Daniel Ricciardo, Red Bull, Yas Marina, 2016

Mosley warns 2017 rules could increase danger

F1 Fanatic Round-up

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In the round-up: Former FIA president Max Mosley warns new aerodynamic regulations for the 2017 F1 season could make the sport more dangerous.

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Ready for @bathurst12hr gone do the start of the race

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Comment of the day

Alex Zanardi’s pass on Bryan Herta at Laguna Seca in IndyCar: Fabulous move or clear track limits penalty?

I would hope that such a move would be impossible in F1, hard racing should not include exceeding track limits, Zanardi’s pass was over the limit and should not have been allowed to stand. F1 is not banger racing, it is the highest standard of racing in the world and the rules should reflect that.

I honestly don’t understand this narrative that F1 is over-policed, yes there are questionable penalties at times but they are few and far between, to say that the stewards are clamping down on hard racing is a huge overreaction to the few penalties were do see. Sometimes I feel drivers just blame the rules and stewards to excuse their own poor behaviour on the track absolve themselves of their responsibilities to race fairly.

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Five years ago today Lotus launched the E20, which Kimi Raikkonen used to win that year’s Abu Dhabi Grand Prix.

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  • 45 comments on “Mosley warns 2017 rules could increase danger”

    1. Re COTD: i think the actual point regarding, for example zanardis overtake or Ralf Schumachers Start at imola 2001 Is that back then Leaving the Track generally meant having a disadvantage. Spinning, getting Stuck, losing loads of momentum. Judging that its possible to Pull something like that off was oportunistic and a big gamble back then, and actually Making It work was therefore an Achievement, risk was Rewarded…. of course thats different to todays Circuits where the worst Case Is like Three carwidths worth of kerb/Asphalt next to the Track. Theres neither Skill nor risk in trackextending today. You just can’t have It anymore.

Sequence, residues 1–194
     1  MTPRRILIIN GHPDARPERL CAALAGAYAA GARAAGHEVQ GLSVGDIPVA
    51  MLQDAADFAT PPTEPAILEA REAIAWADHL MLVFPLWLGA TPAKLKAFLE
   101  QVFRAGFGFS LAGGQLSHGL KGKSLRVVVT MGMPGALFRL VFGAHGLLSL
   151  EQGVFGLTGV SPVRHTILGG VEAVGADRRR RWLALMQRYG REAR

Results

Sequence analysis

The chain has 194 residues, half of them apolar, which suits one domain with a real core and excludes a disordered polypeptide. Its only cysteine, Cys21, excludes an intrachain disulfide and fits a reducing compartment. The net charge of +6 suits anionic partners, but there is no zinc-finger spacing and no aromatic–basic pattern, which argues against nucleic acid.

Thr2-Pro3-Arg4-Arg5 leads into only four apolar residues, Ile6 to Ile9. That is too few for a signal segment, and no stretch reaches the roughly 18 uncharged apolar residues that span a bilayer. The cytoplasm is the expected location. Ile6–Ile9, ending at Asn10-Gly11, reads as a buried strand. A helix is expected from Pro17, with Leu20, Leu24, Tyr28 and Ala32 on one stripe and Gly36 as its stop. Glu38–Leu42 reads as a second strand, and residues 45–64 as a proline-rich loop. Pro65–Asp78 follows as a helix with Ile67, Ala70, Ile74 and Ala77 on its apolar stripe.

But then again on a sidenote, when we had Working Track Limits in Austria last Year Everybody was crying again how You can’t have Kerbs that End races. Make up your minds. Also Note how the Drivers Managed the Situation with the kerbs- the revolutionary fix was to not go ove r them. In other words they Worked brilliantly.

    2. Watching many of the drivers overextending the limits of the tracks, smacks of cheating.

      To make the curbs the 1 metre first part, then a 2 metre portion of grass, then 3 metre of sand trap, then a paved runoff. Stay on the track….no problem.

      If a driver forces another driver on to the traps of grass and sand, the driver that forced the situation would then be penalized with a 30 second standing penalty in the pits, to be served on top of the normal pit time. The penalty to be served within 3 laps of the infraction.

    3. Joe: Hey Max, we would love to do an extensive ITV interview about F1 with you.

      Max: I think people have had enough of my hubris. Thanks for the offer Joe; as much as I ache to be relevant, I decline.

    4. Thanks for the reminder of Bathurst :D still 3 hours left. Just goes to show a track doesn’t have to be a street circuit to have punishingly close walls. Wish there were better tracks in F1, Heidfeld raises a good points.